Some smaller news outlets in swing states can't afford election coverage. AP is helping them


NEW YORK — Many of the swing states in this fall’s election contain small, independent news organizations that can’t afford comprehensive election coverage. The Associated Press said Thursday that it will help them in coming weeks and months.

Newsrooms that are members of the Institute for Nonprofit News or Local Independent Online News Publishers and are based in Michigan, Wisconsin, Pennsylvania, Georgia, Arizona and Nevada will be able to get AP campaign coverage this summer and fall along with detailed counts of what happens on election night, AP said. The move comes through a $1.5 million grant from the Knight Foundation, a nonprofit that funds journalism endeavors.

The Institute for Nonprofit News estimated that some 50 of its members would be eligible for the material. The publishers group said that all but a few of its 140 members in those states would qualify.

Through a Google News Initiative announced earlier this year, the AP is providing election night information — vote counts and charts — to some 100 small newsrooms across the country, and more are eligible. Thursday’s announcement broadens that to the election’s runup as well.

“Members of the INN Network regularly do the most consequential journalism around, and are sometimes the only source of accurate, independent coverage in a community,” said Jonathan Kealing, chief network officer of the Institute for Nonprofit News. “This collaboration with AP will allow them to augment their own essential local coverage with the AP’s vast array of election reporting and resources.”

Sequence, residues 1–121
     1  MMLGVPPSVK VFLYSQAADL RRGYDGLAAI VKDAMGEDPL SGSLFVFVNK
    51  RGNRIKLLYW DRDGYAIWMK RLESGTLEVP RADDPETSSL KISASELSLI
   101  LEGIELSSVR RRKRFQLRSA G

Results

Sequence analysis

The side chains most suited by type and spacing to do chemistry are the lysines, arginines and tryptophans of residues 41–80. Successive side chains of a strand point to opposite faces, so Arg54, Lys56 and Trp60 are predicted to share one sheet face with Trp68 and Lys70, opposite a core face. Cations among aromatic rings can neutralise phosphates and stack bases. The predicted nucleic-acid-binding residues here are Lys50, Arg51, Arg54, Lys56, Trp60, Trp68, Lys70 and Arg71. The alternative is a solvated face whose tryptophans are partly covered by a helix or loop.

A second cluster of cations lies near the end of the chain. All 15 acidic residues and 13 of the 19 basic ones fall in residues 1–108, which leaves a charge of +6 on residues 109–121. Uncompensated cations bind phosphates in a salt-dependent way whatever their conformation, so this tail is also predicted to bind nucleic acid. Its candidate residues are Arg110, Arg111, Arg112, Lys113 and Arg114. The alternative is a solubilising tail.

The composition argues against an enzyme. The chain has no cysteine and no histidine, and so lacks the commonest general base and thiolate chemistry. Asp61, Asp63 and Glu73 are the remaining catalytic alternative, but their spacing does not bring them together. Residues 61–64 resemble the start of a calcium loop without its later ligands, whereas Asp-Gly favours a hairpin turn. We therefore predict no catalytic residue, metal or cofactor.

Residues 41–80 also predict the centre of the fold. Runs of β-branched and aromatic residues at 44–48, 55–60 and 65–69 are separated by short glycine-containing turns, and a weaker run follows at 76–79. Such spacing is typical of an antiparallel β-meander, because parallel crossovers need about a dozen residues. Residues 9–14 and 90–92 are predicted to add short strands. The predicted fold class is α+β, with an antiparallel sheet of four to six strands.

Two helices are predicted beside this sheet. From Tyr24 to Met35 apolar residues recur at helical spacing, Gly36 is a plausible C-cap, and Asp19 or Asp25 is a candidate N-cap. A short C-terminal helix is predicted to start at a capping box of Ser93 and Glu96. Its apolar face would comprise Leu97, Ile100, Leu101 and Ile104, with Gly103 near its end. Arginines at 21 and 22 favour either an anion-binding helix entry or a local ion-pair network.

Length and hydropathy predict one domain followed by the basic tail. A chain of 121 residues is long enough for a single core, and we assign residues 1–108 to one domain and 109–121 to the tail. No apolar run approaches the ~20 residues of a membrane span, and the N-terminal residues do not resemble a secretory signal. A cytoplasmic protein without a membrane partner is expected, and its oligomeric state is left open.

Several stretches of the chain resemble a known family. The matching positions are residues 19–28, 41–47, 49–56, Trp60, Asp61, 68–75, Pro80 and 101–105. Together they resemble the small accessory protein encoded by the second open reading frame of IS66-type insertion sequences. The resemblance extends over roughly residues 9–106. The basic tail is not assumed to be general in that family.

In a certain sense, the project could enable AP to reach some news consumers it may have lost earlier this year: The Gannett and McClatchy news chains, with more than 230 outlets across the country, said in March they would no longer use AP journalism because of financial pressure on the news industry.

There was no immediate information available on whether the AP-Knight collaboration would spread beyond the swing states. The initiative is among a total of $6.9 million that Knight is spending to provide political data, polling and training to newsrooms this elections season.

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David Bauder writes about media for the AP. Follow him at http://twitter.com/dbauder.





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